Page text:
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A woman casts her vote at a polling staion
Elections alone do not make a democracyImage: Getty Images/AFP

Forum evaluates African democracies

Veronica Natalis
July 22, 2022

Stakeholders in democratic affairs from more than 30 African countries have met in Tanzania. The gathering gave attendees an opportunity to reflect on the continent's democratic principles and present solutions.


Delegates attending the Africa Drive for Democracy Conference this week said that unless issues surrounding a lack of democracy among African countries are resolved, governments are likely to lose the confidence of their citizens. 

The gathering in the northern Tanzanian city of Arusha was called by a wide range of leaders of institutions working to safeguard democratic principles in Africa. 

The attendees discussed the importance of freedom of expression, particularly during election campaigns.

Social media shutdowns

Concern was raised over several issues that could have impacted election results. 

For instance, in the run-up to Rwanda's 2017 election, people were not allowed to criticize the ruling party. 

Delegates at the Arusha meeting also spoke about how the internet and social media were restricted in the days before Tanzania's 2020 elections.

Delegates sitting on the statge at the Africa Drive for Democracy Conference
The delegates commited to claiming and occupying the institutions of democracyImage: Veronica Natalis/DW

In Uganda, officials ordered internet service providers to shut down social media and messaging applications ahead of the country's 2021 presidential election.

'Weak democracies'

Many delegates said they believe that ongoing crises across the continent have been caused by leaders failing to uphold democratic principles during their terms in office. 

Yvonne Aki-Sawyerr, the mayor of Freetown, Sierra Leone, touched on the challenges of weak democracies coupled with climate change in developing countries. 

A person looking at their phone
Social media apps are used by political parties in Uganda for campaigningImage: AFP/Getty Images/I. Kasamani

"If governments shall fail to avail basic and social needs to their populations, it means they are descending their people into abject poverty," she said. 

"Also, a big number of Africans are faced with poverty as a result of climate change, therefore democracy means inclusive leadership whose responsibility is to serve people."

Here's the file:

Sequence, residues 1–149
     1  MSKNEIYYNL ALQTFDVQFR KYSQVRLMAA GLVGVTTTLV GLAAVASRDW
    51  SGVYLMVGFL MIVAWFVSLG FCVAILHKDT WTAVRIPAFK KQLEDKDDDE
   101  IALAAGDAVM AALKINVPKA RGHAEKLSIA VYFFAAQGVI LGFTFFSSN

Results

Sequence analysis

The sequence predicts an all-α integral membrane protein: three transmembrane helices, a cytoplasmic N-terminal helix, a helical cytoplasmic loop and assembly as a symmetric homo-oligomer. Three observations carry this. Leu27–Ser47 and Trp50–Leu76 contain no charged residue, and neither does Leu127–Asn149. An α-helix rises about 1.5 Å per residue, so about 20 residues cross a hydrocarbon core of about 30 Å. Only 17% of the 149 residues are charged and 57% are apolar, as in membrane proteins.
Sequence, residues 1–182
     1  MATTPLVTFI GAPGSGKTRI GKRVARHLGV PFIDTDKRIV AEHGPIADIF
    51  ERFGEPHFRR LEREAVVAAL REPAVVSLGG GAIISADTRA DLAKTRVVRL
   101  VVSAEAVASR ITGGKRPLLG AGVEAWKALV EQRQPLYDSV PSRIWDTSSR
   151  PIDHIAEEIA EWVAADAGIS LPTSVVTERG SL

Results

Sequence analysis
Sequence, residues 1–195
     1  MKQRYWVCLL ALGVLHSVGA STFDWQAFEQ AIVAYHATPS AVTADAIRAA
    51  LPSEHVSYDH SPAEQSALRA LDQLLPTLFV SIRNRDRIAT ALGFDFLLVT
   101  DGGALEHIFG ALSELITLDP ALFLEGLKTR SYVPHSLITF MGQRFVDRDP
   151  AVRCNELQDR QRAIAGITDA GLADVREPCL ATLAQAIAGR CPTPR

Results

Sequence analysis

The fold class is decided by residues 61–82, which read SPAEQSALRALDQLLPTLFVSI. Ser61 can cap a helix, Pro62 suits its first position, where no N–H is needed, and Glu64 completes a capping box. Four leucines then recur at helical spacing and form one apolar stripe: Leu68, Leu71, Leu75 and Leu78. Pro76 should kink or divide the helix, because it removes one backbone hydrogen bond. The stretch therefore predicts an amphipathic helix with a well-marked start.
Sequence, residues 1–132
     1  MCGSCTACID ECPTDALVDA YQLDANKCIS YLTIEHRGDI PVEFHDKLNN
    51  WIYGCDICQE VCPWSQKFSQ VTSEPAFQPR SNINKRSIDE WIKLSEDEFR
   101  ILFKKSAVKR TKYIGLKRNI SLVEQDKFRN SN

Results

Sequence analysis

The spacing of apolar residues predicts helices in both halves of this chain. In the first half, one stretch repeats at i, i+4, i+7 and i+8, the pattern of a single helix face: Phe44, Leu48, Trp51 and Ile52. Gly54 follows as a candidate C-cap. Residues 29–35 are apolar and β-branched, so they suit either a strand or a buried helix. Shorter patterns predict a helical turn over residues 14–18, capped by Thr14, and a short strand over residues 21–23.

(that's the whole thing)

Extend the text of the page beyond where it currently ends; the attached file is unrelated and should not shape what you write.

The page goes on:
Backbone for people's rights

Aki-Sawyerr told the Sierra Leone Telegraph that it is "imperative that democracy in Africa is not a hollow word, but one which genuinely facilitates citizen participation, freedom of expression and association, access to justice and ultimately yields the dividend of improved living standards, access to services and economic growth for citizens."

Other delegates at the two-day event said that democracy could serve as a backbone for people's rights to make decisions free of any influence and meddling. 

"When we talk about democracy, we not only focus on politics but on the economy, culture and political system that hinges on rule of law that denounces any corruption-related issues," said Hardi Yakubu, from the Africa Democracy Institute in Dakar. 

Africa has demonstrated outstanding performance in terms of good governance, democracy and the rule of law.

Delegates sitting inside a marquee at the Africa Drive for Democracy Conference
The Africa Drive for Democracy Conference attracted about 100 delegates from across AfricaImage: Veronica Natalis/DW

Emphasis has been placed on amending policies and laws pertaining to how sustainable democracies across in Africa could be realized, according to Jenerali Ulimwengu a renowned journalist and political analyst in Tanzania. 

"The situation is worse in some of the African countries as presented in the conference; we have been deceived that development and democracy is to building infrastructures such as roads, flyovers, and large bridges," said Ulimwengu.

"We have been told so and we believed, that is a big lie."

The delegates commited to claiming and occupying the institutions of democracy — nationally, regionally and continentally — and to recognizing and celebrating those who have led the struggle for democracy within and beyond their boundaries. 

Edited by Keith Walker

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